Hunt v. Just in Time Cargo, 2022 U.S. Dist. LEXIS 1970, C.A. No. 1:18-cv-1077 (D. N.M. Jan. 4, 2022). Freight broker’s motion to dismiss for lack of personal jurisdiction was granted where the court found it had limited, if any, connections to the forum state. After explaining New Mexico’s long-arm statute extended personal jurisdiction as far as constitutionally permissible, the court then noted the broker was not “at home” in New Mexico for general jurisdiction because it was incorporated in Ohio and maintained a principal place of business in Florida. It was not registered to do business in New Mexico, had no agent for service of process in New Mexico, did not advertise in New Mexico, and kept no physical office in New Mexico. The court found that even if it regularly contracted for delivery in New Mexico, since it arranged for deliveries nationwide, New Mexico could not be considered its home state. As for specific jurisdiction, while the crash occurred in New Mexico, the transportation contract was not particularly directed at New Mexico—pick up in California and delivery in New Jersey. Since the court found the broker did not direct the route of travel of the motor carrier, it should not expect to be hauled into courts in the state. “To conclude otherwise would require the Court to hold that any upstream entity in the logistics chain is subject to personal jurisdiction in any state through which their contracted freight happens to pass, even though the upstream entity did not control the route taken. A business brokering freight which passively travels through countless states can scarcely be deemed to be purposely conducting business in all of them.”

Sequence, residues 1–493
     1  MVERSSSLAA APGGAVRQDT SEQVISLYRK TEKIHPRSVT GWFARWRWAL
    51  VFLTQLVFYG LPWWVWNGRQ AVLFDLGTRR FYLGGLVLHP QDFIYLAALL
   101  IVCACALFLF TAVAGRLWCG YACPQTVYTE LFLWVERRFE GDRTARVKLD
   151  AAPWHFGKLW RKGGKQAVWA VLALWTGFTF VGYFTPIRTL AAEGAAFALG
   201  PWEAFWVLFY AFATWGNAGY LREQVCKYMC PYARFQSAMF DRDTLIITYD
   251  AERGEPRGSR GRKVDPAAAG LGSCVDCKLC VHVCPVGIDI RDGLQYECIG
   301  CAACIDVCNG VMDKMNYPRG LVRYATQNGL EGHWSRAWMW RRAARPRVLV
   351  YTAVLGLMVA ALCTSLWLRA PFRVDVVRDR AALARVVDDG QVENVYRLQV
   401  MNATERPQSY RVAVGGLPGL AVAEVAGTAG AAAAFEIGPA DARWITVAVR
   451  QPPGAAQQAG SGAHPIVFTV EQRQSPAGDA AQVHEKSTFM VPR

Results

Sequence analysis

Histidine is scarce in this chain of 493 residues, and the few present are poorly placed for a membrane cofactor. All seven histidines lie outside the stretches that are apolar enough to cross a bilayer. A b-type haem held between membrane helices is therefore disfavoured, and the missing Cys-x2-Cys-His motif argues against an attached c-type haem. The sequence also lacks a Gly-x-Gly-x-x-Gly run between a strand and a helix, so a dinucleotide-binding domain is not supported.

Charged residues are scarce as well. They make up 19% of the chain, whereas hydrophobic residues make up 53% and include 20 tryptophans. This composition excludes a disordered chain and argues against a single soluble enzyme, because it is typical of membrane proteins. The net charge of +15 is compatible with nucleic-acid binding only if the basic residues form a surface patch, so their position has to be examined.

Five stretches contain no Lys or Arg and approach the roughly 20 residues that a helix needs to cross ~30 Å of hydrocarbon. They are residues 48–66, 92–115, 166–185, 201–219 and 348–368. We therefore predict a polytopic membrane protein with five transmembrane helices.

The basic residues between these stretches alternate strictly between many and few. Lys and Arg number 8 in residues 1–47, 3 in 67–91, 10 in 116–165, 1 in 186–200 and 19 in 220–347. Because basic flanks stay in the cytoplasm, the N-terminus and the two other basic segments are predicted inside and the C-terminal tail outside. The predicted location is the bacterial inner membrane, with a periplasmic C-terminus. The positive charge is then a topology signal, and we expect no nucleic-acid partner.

Progressive Commer. Cas. Ins. Co. v. Xpress Transp. Logistics, LLC, 2022 U.S. Dist. LEXIS 4999, C.A. No. H-21-2683 (S.D. Tex. Jan. 11, 2022). The insurer filed a declaratory judgment action seeking a declaration of non-coverage based upon various employee exclusions under the policy and MCS 90 endorsement on the policy. The decedent’s estate counterclaimed, alleging the insurer had a duty under the MCS 90 endorsement to make a reasonable settlement offer. The estate moved for summary judgment that decedent was not a statutory employee of the motor carrier and therefore coverage existed under the policy. The court denied the estate’s motion, finding it premature, and granted the insurer’s motion to defer decision on statutory employment until after discovery on that issue could be had. The court also granted the insurer’s motion to dismiss with respect to the counterclaim, finding there was no “duty to settle” under the MCS 90 endorsement.
Handley v. Werner Enters., 2022 U.S. Dist. LEXIS 4913, C.A. No. 7:20-cv-00235 (M.D. Ga. Jan. 11, 2022). Excess insurer of motor carrier obtained summary judgment that it was not subject to suit under Georgia’s direct-action statute. Plaintiff filed a personal injury lawsuit and named the motor carrier, who was self-insured up to $1 million, as well as the excess insurer of the motor carrier, whose liability would only arise after the self-insurance by the motor carrier was exhausted. The court held that the motor carrier exception under Georgia’s direct-action statute does not apply to excess insurers. Since the motor carrier was self-insured for up to $1 million, the insurance company was an “excess insurer” and could not be sued directly in the personal injury action.